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Tsvetana Paraskova

Tsvetana Paraskova

Tsvetana is a writer for Oilprice.com with over a decade of experience writing for news outlets such as iNVEZZ and SeeNews. 

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Pierre Andurand: Europe Can Replace Large Part Of Russian Gas With LNG

  • Renowned oil and gas trader Pierre Andurand says that Europe can replace a large part of Russian natural gas with LNG.
  • At the current pace of Europe’s liquefied natural gas imports, LNG supply corresponds to about two-thirds of lost Russian supply, Andurand said.
  • Countries across Europe are looking to charter floating storage regasification units (FSRUs) for LNG imports to secure gas supply for the next few winters.

Europe has been importing record volumes of LNG this year to replace pipeline gas from Russia, and LNG supply will go a long way in ensuring most of the lost Russian supply is replaced, popular hedge fund manager Pierre Andurand told Bloomberg’s Odd Lots podcast.

At the current pace of Europe’s liquefied natural gas imports, LNG supply corresponds to about two-thirds of lost Russian supply, Andurand said.

Moreover, the hedge fund manager added that Europe is adding more import capacity to welcome more LNG cargoes this winter.

Countries across Europe are looking to charter floating storage regasification units (FSRUs) for LNG imports to secure gas supply for the next few winters until the EU makes meaningful progress in cutting gas consumption through energy efficiency measures and boosting hydrogen and renewable gas use. In the Netherlands, gas provider Gasunie is building a floating LNG terminal in Eemshaven in the Groningen area, and this terminal is expected to be operating at full capacity by late November or early December. Germany, for its part, has already chartered five FSRUs since May, with two of those, at Wilhelmshaven and at Brunsbüttel, expected to begin operations as early as the end of this year.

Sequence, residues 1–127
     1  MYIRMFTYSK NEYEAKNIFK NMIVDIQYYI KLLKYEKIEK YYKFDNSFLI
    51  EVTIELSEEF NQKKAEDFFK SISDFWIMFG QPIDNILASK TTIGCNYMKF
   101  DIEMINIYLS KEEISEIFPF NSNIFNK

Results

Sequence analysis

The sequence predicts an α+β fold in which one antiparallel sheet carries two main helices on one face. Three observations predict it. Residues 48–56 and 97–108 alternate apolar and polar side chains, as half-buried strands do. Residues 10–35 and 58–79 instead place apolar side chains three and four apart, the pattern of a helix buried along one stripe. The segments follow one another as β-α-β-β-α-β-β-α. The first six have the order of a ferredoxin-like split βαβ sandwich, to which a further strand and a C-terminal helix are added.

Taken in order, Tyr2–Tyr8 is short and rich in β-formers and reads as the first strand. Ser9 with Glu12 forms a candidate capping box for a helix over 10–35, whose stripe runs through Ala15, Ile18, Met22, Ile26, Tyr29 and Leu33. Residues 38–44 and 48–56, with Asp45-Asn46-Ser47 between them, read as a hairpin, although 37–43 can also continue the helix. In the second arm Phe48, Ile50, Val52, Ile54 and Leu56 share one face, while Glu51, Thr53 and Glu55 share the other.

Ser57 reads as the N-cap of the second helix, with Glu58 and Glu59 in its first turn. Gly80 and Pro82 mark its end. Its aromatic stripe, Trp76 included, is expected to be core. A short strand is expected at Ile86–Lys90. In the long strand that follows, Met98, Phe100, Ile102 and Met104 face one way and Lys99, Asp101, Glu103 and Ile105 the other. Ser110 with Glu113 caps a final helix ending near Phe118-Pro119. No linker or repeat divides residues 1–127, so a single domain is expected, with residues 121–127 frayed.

Import capacity in Europe would not be an issue. The issue will be how much LNG Europe can procure for itself, considering that it is competing with countries that have long-term LNG supply contracts, Andurand told the Bloomberg podcast. 

Related: Putin Forces All Energy Workers To Register For Military Draft

While LNG supply will replace a large part of Russian gas, it will not replace all the Russian gas, so Europe needs a demand response to rebalance the market, Andurand said. This is already evident with industry switching to oil from gas, and gas demand from the industry has already declined because of that switch. 

“We will lose some natural gas demand worldwide due to very high natural gas prices,” Andurand said.  

He added that demand responses include households turning down the thermostat to 19 degrees Celsius (66.2 F) from 22 degrees Celsius (71.6 F).

By Tsvetana Paraskova for Oilprice.com

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Leave a comment
  • Mamdouh Salameh on September 26 2022 said:
    That depends on defining what large part of Russian piped gas and LNG amounts to.

    In normal circumstances, Russian piped gas and LNG supplies amount to 221 billion cubic metres (bcm) annually.

    The maximum LNG volumes that both the United States and Qatar could supply the EU amounts to 30 bcm with Algeria supplying an estimated 10-15 bcm. Add 10 bcm from other producers and the total figure amounts to only 50-55 bcm or 23%-25% of Russian annual gas and LNG supplies in normal circumstances.

    No one single producer of LNG or a group of producers can totally replace Russia gas supplies to the EU now or in 20 years from now.

    And while the EU still lacks enough LNG Import terminals and storage space, it was mainly shortages of LNG supplies in the market that limited its imports.

    Dr Mamdouh G Salameh
    International Oil Economist
    Global Energy Expert

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